They don't make comedy albums today like those treasures of the '60s. They don't make comedians anymore like the ones in those albums. These albums were before my time, but give me a 40-year-old Bob Newhart LP over a brand-spankin'-new Adam Sandler CD any day of the week. That old stuff all seems more cerebral to me. Maybe it's the lack of extensive profanity; maybe it's the way the comedy speaks for itself rather than relying on gimmicks; maybe it's the fact that jokes which are stale now sound so much fresher and even funnier in the setting of their day.

That's why I love hitting garage sales, thrift stores and sales like the one this weekend. I never know where I'm going to be able to procure my next golden oldie, whether it be a Peanuts paperback from Fawcett or a Flip Wilson LP.

Friday, September 24, 2010

See you later, Emo's

Okay, so it's not media-related news, but it still matters to me.

It's that time of the year again when the neighborhood ice cream shops start closing down for the season. Tonight I bid adieu to Emo's on War Memorial Drive. Tomorrow is the last day of business this season. However, this closure is punctuated by an enormous, bold question mark. You see, the business is for sale, as well. What's going to happen to Emo's in the Spring '11 season? Tune in to find out. Hopefully Peoria will not be deprived in 2011 of Emo's legendary Coney Dogs and 24+ flavors of soft serve.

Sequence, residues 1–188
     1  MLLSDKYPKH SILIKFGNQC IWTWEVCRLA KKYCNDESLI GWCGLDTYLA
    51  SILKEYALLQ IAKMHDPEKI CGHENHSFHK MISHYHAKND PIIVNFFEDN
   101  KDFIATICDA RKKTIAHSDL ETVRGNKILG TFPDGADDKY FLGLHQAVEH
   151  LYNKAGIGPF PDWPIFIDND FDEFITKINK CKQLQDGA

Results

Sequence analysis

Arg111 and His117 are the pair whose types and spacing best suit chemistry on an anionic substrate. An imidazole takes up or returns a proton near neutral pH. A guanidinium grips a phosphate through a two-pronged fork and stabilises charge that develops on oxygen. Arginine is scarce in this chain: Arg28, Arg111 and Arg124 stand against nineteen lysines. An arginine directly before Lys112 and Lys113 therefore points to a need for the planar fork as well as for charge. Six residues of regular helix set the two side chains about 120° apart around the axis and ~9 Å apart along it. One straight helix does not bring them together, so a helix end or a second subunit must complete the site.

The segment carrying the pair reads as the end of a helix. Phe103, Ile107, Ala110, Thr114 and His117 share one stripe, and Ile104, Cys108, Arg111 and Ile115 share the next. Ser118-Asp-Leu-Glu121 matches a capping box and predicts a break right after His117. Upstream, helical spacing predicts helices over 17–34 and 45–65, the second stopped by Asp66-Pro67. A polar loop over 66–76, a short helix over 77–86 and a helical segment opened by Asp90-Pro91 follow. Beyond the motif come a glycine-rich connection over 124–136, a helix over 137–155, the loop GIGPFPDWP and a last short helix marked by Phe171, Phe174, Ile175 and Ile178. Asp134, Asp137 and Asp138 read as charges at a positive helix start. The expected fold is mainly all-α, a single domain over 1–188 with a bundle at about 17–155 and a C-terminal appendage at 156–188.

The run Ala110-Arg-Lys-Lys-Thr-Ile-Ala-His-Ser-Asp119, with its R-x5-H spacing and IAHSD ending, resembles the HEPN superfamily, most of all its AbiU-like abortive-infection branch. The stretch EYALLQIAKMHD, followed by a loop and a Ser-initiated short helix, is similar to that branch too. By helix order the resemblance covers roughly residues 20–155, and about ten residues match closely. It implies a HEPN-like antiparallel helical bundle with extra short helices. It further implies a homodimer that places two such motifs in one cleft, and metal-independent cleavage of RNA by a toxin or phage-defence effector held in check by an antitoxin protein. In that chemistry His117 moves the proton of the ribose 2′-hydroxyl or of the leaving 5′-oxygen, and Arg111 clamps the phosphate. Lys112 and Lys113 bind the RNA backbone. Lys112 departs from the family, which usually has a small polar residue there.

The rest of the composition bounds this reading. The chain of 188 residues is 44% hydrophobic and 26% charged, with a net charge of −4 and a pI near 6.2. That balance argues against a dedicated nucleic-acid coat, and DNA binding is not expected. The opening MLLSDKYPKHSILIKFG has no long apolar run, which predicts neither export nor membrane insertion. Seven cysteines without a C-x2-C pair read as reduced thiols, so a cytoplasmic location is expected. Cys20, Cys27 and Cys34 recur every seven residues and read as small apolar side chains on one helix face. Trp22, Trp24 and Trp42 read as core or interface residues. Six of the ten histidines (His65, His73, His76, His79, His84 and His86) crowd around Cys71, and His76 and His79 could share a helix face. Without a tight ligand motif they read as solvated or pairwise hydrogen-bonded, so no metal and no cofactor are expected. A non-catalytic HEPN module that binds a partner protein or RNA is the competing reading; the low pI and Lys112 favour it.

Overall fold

Next to close up shop: Dudley's. After those two have gone, I'll be forced to hit the local Baskin Robbins throughout the winter, because Cold Stone is garbage. :p

Tuesday, September 21, 2010

Incredible Shrinking iPad?

Just read an article on Bloomberg about how Apple may be preparing to unleash a newer, smaller iPad with a seven-inch screen versus the current 9.7-inch model. Anyone else see where this is going? Smaller and smaller? If they start this trend with the iPad as they did with iPod, then before you know it the iPod shuffle will be roughly the size of a toothpick and the iPad will end up about the same size as the 5th gen iPod video.

I don't get it. Can smaller even be better when dealing with something like the iPad? Isn't part of its appeal the fact that you can actually see movies and text on it? Why make them harder to see by shrinking the damn screen? Oh, Apple, how you confound me sometimes. But I could gripe about them more later. And I will. Yes, iWill.